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November 8, 1892: Voting in the United States ensures the election of former President Grover Cleveland as President over the incumbent Benjamin Harrison. Cleveland’s Democratic Party loses many seats in the House of Representatives but retains control.
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November 9, 1892: In Autumn op.15/1 for piano by Amy Beach (25) is performed for the first time, at New England Conservatory, Boston by the composer.
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November 10, 1892: The Panama scandal becomes public in France. Ferdinand de Lesseps and others are arrested for corruption.
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November 10, 1892: I Rantzau, an opera by Pietro Mascagni (28) to words of Targioni-Tozzetti and Menasci, is performed for the first time, in Teatro Pergola, Florence. It is very successful.
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November 12, 1892: On his trip to Greece, Richard Strauss (28) visits Olympia. “The free sense of beauty, the religion of nature, pure visual perception--Olympia! Philosophical, world-transcending sublimity, profoundest inwardness--Bayreuth!”
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November 13, 1892: A setting of Psalm 150 for soprano, chorus, and orchestra by Anton Bruckner (68) is performed for the first time, in Vienna.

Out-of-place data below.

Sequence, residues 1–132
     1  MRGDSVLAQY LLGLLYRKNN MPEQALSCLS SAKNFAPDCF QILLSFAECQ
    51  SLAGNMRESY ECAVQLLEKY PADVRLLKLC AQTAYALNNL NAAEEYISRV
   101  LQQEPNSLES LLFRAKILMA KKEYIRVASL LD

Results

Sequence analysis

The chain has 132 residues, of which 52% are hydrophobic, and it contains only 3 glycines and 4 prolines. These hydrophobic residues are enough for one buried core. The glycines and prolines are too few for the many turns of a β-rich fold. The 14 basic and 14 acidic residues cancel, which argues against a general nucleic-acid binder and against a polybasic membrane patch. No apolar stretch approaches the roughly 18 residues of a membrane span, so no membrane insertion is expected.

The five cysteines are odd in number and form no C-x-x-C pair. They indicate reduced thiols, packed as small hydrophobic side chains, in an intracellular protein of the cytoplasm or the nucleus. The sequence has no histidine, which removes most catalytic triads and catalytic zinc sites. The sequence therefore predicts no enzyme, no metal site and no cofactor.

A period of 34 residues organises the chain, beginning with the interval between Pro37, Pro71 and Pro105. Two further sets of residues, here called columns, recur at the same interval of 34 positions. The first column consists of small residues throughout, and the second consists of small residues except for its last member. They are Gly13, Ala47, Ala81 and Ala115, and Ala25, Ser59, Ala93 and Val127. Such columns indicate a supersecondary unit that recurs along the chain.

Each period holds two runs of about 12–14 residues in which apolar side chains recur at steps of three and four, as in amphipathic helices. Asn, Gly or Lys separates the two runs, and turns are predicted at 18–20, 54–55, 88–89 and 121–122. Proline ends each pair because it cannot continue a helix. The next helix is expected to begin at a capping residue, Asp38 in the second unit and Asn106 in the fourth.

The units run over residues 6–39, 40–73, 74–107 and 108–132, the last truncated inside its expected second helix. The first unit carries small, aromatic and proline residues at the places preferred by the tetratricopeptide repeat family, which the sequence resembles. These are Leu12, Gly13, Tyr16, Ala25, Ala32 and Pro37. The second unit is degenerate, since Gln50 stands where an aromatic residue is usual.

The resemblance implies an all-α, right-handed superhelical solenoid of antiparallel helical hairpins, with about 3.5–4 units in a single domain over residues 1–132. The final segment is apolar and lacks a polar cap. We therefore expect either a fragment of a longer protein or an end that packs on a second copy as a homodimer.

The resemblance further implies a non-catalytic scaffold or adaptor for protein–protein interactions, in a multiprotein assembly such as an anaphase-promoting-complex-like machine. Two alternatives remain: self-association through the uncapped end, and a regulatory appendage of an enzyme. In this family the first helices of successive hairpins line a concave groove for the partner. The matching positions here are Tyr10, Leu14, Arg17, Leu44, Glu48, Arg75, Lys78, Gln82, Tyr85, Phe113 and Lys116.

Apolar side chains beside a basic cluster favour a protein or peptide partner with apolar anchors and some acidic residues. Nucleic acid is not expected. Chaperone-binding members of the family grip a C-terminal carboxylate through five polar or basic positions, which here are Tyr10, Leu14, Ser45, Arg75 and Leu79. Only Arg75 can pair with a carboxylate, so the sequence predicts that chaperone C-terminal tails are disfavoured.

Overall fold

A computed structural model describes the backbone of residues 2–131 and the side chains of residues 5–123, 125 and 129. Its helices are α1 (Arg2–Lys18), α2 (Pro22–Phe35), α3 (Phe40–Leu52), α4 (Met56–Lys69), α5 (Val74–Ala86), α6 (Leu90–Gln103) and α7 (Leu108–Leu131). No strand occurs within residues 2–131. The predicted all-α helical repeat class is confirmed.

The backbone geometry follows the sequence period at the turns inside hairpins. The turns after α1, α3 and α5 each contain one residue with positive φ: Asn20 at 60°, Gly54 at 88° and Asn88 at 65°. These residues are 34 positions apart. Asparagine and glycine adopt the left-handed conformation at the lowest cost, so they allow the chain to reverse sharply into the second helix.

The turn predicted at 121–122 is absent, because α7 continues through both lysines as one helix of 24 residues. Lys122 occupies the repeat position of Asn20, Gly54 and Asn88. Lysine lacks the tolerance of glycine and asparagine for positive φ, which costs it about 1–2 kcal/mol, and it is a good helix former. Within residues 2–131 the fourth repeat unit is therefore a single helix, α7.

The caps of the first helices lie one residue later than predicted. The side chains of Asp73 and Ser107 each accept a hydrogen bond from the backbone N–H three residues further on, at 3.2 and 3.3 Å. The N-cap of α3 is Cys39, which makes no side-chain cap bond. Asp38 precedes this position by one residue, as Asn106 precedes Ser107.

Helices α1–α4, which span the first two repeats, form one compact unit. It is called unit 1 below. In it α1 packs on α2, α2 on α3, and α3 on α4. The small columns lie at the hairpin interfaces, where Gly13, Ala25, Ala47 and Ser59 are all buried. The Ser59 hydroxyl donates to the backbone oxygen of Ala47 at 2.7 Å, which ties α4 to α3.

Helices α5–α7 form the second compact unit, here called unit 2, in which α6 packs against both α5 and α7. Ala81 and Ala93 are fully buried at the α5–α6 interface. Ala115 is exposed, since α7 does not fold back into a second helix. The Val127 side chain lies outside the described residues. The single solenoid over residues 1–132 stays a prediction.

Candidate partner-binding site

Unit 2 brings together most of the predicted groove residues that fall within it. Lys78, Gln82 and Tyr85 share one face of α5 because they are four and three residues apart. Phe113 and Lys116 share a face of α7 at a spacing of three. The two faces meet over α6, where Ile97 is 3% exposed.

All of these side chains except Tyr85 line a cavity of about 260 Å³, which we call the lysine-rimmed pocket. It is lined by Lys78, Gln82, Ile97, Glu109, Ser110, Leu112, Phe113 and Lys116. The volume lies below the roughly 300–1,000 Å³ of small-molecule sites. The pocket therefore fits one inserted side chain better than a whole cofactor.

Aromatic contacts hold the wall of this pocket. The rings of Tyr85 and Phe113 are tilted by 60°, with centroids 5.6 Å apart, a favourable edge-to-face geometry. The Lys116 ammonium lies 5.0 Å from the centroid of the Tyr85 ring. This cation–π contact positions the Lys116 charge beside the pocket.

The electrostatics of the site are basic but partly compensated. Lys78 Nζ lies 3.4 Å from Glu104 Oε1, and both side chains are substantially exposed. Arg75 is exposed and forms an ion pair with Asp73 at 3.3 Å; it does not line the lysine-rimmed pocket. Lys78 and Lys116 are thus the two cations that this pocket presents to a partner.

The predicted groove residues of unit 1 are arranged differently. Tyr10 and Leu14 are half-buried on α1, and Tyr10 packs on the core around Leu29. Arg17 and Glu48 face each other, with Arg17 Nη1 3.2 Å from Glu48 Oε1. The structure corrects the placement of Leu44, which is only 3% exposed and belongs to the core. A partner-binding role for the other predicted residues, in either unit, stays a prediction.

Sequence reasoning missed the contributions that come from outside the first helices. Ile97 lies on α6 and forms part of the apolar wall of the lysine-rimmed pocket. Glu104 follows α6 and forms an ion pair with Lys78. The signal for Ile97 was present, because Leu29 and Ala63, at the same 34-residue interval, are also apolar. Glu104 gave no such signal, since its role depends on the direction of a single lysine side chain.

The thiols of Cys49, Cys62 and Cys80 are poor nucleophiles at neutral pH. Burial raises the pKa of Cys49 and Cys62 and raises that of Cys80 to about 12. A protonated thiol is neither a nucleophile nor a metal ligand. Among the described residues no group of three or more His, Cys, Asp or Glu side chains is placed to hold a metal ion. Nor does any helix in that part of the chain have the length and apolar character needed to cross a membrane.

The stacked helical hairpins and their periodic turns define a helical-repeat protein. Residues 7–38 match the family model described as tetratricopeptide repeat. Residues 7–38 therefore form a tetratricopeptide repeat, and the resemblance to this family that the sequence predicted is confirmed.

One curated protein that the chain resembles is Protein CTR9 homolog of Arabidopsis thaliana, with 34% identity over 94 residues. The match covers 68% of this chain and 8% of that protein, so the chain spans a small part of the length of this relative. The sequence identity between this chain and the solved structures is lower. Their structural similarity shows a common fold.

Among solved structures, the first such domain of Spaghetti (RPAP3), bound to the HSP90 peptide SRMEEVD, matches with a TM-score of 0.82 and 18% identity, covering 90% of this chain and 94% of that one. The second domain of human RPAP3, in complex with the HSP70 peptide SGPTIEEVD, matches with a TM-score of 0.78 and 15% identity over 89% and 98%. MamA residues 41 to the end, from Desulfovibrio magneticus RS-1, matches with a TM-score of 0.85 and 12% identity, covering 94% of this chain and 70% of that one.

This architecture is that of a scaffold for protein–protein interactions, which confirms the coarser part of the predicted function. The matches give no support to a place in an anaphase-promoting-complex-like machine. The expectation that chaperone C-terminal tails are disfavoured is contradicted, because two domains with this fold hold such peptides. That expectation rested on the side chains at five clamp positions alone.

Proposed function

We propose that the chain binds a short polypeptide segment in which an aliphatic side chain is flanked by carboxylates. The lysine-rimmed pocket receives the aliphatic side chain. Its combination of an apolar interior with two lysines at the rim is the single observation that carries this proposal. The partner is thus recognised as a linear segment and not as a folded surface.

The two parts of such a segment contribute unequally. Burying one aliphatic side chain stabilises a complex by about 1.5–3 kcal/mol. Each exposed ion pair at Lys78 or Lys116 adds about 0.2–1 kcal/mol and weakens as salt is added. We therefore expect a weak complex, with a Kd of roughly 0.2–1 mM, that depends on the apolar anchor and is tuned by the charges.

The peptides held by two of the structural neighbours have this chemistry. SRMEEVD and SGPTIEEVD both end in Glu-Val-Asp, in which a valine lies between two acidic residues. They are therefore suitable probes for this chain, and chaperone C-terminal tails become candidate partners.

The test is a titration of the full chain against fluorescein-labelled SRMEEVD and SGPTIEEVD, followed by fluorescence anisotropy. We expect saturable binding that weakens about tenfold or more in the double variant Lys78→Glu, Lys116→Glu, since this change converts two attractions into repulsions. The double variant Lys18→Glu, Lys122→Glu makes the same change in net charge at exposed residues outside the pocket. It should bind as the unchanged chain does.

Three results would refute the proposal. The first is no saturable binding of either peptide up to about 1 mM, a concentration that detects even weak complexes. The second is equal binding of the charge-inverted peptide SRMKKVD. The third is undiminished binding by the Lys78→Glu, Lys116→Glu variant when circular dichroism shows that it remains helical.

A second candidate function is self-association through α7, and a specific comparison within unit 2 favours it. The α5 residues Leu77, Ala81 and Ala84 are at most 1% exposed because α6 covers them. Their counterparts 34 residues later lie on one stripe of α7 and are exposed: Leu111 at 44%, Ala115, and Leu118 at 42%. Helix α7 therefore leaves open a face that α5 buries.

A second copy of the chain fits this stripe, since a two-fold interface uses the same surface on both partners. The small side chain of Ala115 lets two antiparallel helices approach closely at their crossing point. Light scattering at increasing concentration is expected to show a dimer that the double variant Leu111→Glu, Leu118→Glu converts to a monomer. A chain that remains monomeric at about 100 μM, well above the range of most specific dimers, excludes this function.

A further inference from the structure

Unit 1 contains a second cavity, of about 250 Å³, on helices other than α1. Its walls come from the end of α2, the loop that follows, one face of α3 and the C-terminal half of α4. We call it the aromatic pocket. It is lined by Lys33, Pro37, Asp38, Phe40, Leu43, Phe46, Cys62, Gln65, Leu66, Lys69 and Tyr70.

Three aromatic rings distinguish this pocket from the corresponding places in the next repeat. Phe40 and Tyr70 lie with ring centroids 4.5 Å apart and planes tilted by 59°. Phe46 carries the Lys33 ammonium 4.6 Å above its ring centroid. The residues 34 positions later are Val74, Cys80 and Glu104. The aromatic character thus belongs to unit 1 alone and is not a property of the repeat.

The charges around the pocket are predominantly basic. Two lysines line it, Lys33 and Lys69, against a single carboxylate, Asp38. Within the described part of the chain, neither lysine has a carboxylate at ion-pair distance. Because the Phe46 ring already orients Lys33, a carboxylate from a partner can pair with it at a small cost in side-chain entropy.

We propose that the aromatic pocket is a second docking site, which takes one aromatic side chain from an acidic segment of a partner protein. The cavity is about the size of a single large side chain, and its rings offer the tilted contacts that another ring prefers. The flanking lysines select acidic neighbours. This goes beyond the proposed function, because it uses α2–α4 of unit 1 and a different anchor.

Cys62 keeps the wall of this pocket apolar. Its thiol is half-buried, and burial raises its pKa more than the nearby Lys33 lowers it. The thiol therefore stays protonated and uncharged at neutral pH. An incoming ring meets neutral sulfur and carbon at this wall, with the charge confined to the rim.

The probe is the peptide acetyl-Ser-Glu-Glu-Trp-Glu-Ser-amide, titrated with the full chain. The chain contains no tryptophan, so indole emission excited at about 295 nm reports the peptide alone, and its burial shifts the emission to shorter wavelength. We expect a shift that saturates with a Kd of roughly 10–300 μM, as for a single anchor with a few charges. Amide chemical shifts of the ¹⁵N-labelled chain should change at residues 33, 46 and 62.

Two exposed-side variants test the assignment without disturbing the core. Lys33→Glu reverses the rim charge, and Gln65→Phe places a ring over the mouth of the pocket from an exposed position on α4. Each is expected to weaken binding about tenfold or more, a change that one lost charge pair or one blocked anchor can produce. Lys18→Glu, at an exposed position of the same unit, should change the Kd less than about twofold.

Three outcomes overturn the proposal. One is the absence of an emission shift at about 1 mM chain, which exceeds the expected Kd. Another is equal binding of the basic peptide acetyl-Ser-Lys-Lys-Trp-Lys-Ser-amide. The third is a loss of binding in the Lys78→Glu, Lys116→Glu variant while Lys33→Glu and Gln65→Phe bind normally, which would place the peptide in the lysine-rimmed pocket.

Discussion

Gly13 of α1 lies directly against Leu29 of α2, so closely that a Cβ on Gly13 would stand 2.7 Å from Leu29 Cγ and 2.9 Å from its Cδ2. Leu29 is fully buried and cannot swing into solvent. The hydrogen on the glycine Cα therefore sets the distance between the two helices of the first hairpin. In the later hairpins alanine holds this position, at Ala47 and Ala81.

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November 15, 1892: The secretary of the Trinity Historical Society of Dallas, Texas writes to Arthur Foote (39) informing him that they have elected him an honorary member.
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November 16, 1892: Richard Strauss (28) arrives in Athens and remains for ten days, sending lengthy descriptions of his impressions to his family and friends.
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November 17, 1892: King Béhanzin of Dahomey sets fire to his capital Abomey and flees north as French troops enter the city.
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November 17, 1892: Sándor Werkele replaces Gyula, Count Szapáry de Szapár as Prime Minister of Hungary.
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November 20, 1892: I have sown green for chorus and orchestra by Leos Janácek (38) is performed for the first time, in Brünn (Brno) the composer conducting. Also performed is Janácek’s The mosquitoes got married for chorus and orchestra, perhaps for the first time, and the premiere of his orchestral arrangement of Dances from Haná.
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November 21, 1892: The Vier Zigeunerlieder op.112/3-6 for vocal quartet and piano by Johannes Brahms (59) are performed for the first time, in Hamburg.
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November 22, 1892: Forces of the Congo Free State (largely mercenaries) defeats Arab slave-traders at the Lomani River in the Upper Congo.
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November 22, 1892: Symphony no.8 by Anton Bruckner (55) is performed for the first time, in a four-hand piano arrangement, in Vienna. See 18 December 1892.
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November 27, 1892: Märchen aus dem Orient op.444, a waltz by Johann Strauss (66), is performed for the first time, in the Musikverein, Vienna.